It's one of the world's most iconic magazines and has a list of supermodel cover stars that includes the likes of Twiggy, Naomi Campbell and Kate Moss, as well as A-list Hollywood actresses such as Kate Winslet and Scarlett Johansson. Princess Diana also featured on the cover four times, and Kate Middleton made her debut in June 2016. And for many years, the man behind the lens was the legendary David Bailey.

Multi award-winning British Vogue celebrated its centenary in 2016. Now, in a rare and momentous event for the fashion magazine, it's looking for its next editor after the resignation of Alexandra Shulman, its editor-in-chief for 25 years. She will, by most accounts, be tough to follow.

"Alex has been the longest-serving and most successful editor of Vogue in its 100-year history," said Nicholas Coleridge, the managing director of Condé Nast Britain, publisher of Vogue, which says it has a print circulation of 1.2 million.

"She has edited the title for a quarter of its existence, through its period of highest-ever circulation, and its simultaneous transformation into a global digital brand... It is impossible to sufficiently express the contribution she has made to Vogue, to Condé Nast and to the British fashion industry."

Though she won't be leaving for six months, the job advert is already out on media database Gorkana, suggesting Condé Nast may not hire internally — which is likely to put a few noses out of joint at Vogue HQ if any of Shulman's long-time underlings had their eyes on the job. More so, perhaps, that the role of trendmaker-in-chief for British fashion, with its huge cultural significance, is slapped up on a journalism jobs website amid other job adverts and intern openings.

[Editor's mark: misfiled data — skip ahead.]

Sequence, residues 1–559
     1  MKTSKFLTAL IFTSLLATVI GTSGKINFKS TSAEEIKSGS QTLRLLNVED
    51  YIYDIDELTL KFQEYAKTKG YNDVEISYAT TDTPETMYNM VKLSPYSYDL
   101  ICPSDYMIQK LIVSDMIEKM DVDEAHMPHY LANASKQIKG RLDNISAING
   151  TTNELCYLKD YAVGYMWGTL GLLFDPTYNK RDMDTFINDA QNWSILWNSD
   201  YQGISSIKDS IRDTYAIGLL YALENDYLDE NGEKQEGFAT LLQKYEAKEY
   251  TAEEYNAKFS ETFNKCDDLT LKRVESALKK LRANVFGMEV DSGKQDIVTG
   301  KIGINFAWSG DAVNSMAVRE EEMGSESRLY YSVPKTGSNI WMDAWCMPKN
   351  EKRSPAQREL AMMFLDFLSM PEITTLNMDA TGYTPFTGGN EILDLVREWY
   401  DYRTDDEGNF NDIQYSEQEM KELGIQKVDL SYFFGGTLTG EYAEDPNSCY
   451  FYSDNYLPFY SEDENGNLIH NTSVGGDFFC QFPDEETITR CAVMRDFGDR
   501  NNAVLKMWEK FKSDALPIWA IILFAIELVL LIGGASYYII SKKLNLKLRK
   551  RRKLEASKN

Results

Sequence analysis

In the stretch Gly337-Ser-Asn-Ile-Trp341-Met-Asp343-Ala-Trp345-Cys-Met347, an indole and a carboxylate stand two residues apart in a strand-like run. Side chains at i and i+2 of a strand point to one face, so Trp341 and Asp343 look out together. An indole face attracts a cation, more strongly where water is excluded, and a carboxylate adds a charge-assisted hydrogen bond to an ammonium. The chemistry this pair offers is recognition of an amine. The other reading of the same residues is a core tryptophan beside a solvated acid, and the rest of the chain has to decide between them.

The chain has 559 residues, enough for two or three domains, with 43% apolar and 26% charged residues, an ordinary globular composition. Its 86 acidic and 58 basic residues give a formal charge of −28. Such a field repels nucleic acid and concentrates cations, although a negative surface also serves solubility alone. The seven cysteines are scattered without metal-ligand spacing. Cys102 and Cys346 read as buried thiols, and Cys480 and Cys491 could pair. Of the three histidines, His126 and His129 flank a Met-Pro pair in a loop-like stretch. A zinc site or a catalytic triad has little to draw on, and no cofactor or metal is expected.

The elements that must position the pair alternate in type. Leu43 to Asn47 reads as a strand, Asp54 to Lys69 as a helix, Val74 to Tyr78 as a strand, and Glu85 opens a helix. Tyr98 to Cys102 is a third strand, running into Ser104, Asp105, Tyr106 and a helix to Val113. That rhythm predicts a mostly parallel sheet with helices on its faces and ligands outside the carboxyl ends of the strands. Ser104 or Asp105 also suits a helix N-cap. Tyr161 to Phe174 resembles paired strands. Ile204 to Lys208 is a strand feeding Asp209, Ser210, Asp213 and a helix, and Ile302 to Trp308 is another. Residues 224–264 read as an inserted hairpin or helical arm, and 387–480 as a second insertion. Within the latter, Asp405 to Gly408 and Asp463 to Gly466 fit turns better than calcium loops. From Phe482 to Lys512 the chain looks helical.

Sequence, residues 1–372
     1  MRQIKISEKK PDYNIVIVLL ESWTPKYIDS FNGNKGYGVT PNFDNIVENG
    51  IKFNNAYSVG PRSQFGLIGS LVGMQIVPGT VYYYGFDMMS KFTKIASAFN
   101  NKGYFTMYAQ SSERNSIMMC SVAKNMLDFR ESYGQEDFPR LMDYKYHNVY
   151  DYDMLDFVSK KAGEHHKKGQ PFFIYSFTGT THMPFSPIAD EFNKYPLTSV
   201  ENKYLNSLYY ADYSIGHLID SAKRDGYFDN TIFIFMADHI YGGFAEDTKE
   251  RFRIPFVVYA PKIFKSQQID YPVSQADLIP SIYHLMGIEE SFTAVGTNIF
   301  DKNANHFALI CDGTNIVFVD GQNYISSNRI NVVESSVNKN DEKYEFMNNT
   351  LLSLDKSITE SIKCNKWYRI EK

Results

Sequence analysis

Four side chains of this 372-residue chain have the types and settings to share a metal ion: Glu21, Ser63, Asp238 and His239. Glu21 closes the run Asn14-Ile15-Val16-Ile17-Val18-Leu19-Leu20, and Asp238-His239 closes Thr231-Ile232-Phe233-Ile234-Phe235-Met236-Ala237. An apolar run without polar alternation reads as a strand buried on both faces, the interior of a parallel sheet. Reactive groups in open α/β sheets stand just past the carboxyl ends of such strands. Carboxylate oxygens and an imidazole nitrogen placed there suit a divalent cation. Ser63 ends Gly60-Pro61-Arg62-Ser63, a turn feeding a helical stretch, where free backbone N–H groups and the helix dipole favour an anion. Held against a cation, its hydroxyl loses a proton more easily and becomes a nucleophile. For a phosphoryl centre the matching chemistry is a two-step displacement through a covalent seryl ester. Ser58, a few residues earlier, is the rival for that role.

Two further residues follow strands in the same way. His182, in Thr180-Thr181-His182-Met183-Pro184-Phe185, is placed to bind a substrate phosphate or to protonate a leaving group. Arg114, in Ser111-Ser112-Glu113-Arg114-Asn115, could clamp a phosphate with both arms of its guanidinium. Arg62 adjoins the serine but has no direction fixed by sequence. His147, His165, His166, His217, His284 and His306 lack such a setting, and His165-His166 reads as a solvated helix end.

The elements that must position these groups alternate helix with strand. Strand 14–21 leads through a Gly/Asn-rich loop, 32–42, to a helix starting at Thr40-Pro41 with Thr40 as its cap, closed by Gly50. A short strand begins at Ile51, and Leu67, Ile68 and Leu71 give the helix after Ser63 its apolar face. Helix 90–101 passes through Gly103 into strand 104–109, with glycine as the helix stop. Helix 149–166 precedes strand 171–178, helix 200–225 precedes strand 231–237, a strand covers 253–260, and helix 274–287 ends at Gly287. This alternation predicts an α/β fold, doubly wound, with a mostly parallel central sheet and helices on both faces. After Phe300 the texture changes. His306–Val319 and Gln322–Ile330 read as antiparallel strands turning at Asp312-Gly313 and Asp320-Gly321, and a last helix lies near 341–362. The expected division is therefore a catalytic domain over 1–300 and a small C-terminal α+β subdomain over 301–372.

It's one of the most coveted jobs in fashion and journalism, and competition will be intense between the few people experienced enough to stand a chance of getting it. Salary is dependent on experience, but expect it to be large, not to mention with many perks (you'll probably never have to buy your own clothes again). So what, according to the recruitment advert, would it take to get the job?

The editor is the creative force behind all facets of the brand – in print, in digital and events.

The role requires a combination of talents: an intimate understanding of fashion, a journalist's instinct, a strong visual sense, an appreciation of design, imagination, a relentless curiosity about the new and the different, an excitement about the possibilities presented by new digital platforms; an ability and appetite to source and manage creative talent across different parts of the business.

The editor works alongside the publishing director to provide the leadership and vision for the Vogue brand. It is much more than a magazine editorship: The role requires someone with a creative, ideas-led focus – an intimate understanding of the brand's voice.

This person needs to have access to the industries that Vogue covers – and intuitively understand what is, and what is not, a Vogue story. Rigorous quality control in hiring editors, designers, writers, photographers and digital talent is essential, at every level

And the "essential skills and requirements" section demands:

An ability to represent Vogue internally, to advertisers, on stage, through other media channels, and to the network of designers, artists, business people and influencers who form the brand's core constituency.

An entrepreneurial mind-set, focused on extending the Vogue brand into new formats and events

Fancy a punt?